So our knafeh is more like the Turkish version?
“I haven’t tasted the knafeh in Tel Aviv but in Turkey there are a lot of people who came from the Aleppo area and they’ve continued the tradition of making knafeh in the Syrian style. So in Turkey you can also eat Syrian knafeh that is very good. But the sweets in Israel are of quite a high level, too. I took some friends from Turkey to Mamtakei Hayedidut in Nazareth and they left with six kilos of them.”
Traditional-style knafeh, as prepared by Halabi and other big-name chefs in Israel like Haim Cohen (Yaffo-Tel Aviv) and Tomer Agay (Santa Katerina), have definitely entered the pantheon of the best desserts in Israel. The delicacy that started out as a street food in Arab candy and pastry shops and climbed its way to the top chef restaurants has now, for the most part, returned to its roots as an affordable, everyday treat that can be picked up on the go.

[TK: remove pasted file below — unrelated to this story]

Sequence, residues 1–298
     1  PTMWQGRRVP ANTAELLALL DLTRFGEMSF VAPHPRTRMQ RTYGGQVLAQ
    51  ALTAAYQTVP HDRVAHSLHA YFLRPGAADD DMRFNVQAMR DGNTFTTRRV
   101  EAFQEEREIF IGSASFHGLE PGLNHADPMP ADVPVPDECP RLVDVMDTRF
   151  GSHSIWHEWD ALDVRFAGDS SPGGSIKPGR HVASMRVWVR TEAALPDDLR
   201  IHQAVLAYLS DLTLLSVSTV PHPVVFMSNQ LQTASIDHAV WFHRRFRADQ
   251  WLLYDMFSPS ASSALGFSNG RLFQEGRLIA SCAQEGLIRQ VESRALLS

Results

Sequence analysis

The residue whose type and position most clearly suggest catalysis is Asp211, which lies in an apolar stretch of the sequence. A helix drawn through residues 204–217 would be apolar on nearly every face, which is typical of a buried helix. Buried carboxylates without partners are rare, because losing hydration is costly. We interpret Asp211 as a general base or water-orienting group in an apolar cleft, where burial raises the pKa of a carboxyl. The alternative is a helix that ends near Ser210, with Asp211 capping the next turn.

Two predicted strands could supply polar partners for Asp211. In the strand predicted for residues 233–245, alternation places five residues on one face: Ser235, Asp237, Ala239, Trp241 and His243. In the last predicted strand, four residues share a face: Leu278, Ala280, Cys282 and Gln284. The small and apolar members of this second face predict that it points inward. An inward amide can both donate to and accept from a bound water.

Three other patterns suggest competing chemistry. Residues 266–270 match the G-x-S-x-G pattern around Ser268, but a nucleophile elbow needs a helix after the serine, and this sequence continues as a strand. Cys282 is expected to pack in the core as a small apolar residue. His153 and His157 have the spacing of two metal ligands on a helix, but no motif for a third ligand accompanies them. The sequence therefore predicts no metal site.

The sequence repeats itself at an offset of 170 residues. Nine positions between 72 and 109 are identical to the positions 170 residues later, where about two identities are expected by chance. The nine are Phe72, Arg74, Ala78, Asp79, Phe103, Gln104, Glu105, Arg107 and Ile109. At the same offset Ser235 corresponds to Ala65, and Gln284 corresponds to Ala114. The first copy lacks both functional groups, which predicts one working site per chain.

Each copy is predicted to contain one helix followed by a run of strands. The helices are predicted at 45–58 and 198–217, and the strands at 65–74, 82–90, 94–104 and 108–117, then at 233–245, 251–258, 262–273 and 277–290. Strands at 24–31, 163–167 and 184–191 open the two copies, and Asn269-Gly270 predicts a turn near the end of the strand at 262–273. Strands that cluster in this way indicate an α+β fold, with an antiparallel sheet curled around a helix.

Knafeh Bar – 3 Ma’on Street, Florentine, Tel Aviv. Monday-Thursday 12:00-24:00, Sunday 18:00-24:00. 054-2285841
Yaffa Knafeh – 24 Olei Tzion Street, Jaffa. Monday-Saturday 11:00-24:00. 03-9702051 (another branch slated to open soon)
Knaffex – 9 Ibn Gvirol Street, Tel Aviv. Daily 12:00-24:00. 03-7436948
Halevanonit – 4 Shaul Hamelech Street (London Ministore), Tel Aviv. Daily 10:00-23:00. 03-7288833
Arusa Yisraelit – 3 Ibn Gvirol Street, Tel Aviv. Daily 10:00-04:00. 1-700-707-058
Haknufiya, Knafeh ‘Ad Habayit – 055-9960669
Hakubiya – 22 Hodaya Street, Hatikva Market, Tel Aviv. Sunday-Thursday 12:00-23:00, Friday 12:00 until one hour before Shabbat. 03-9747333